Growing up in Calif, one is exposed to a number of games that are synonymous with every other Nairobi kids. No one could ever catch me in the game of chako chako, I turned into a ghost whenever my friends and I played brikicho, I sucked at bano due to my stiff fingers, but compensated by taking up the role of buda in cha mama – cha baba, EVERYTIME! Eat that athletics!
There was this ‘power rangers’ sensation that my friends and I got from riding our bikes through and round ‘deza’. The dusty open field was our sanctuary, whenever the big boys weren’t sharpening their football skills, or when the crowds hadn’t gathered to be treated to a free screening of action movies, we’d stir up a hurricane of dust clouds and emerge through it like renegades. Girls could not get enough of us! Take me back.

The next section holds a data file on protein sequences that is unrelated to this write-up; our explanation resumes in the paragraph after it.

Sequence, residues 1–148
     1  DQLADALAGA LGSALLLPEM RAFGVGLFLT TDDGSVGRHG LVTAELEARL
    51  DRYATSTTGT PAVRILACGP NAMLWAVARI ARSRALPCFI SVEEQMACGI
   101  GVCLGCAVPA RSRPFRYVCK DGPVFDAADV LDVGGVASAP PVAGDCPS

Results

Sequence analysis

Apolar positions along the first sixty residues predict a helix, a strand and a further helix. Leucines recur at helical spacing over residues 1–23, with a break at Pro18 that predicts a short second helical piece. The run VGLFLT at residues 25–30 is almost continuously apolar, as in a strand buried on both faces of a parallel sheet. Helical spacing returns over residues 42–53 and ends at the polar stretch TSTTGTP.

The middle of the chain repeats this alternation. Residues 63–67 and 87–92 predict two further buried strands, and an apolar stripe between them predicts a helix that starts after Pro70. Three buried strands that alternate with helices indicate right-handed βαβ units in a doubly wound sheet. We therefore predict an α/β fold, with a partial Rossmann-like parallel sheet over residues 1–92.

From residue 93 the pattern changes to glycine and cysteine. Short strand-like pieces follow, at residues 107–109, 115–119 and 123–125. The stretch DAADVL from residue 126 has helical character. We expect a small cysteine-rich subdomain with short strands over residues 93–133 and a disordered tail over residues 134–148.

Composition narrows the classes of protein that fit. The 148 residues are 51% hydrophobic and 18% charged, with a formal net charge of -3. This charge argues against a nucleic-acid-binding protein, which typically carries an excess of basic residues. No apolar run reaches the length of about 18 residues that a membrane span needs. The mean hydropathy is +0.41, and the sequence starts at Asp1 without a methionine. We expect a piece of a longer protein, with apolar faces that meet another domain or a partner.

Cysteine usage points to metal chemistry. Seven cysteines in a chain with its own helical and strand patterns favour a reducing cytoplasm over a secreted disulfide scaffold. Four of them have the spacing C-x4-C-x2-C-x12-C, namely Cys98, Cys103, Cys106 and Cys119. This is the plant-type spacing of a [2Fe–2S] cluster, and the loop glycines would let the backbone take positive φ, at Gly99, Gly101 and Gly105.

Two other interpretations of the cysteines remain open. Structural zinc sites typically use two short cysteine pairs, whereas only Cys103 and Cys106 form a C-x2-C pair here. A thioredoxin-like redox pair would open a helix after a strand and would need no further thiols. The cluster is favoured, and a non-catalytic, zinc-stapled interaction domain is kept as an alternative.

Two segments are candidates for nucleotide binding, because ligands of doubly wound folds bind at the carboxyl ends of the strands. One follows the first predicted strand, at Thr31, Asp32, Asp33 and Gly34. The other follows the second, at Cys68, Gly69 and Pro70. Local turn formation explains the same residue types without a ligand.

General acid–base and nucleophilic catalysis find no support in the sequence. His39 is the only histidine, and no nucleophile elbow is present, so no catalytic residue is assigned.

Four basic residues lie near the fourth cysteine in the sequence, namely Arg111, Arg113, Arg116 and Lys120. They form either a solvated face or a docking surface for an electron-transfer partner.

- What do you love about Nairobi?
To some extent, I feel I have lived through the Nairobi experience passively. It might have been the adopted nature to erase any attachments as I moved around East African cities, being sheltered by many diverse families. What is remarkable, however, is the sharp contrast that Nairobi harbours. The scene changes drastically from Moi Avenue going down towards River road vs Moi Avenue going up to Mama Ngina/Kenyatta avenue. The vivid separation of class is profound. Nevertheless, the entire city basks in that same beautiful sunset that oranges the tarmacs, skies and skyscrapers.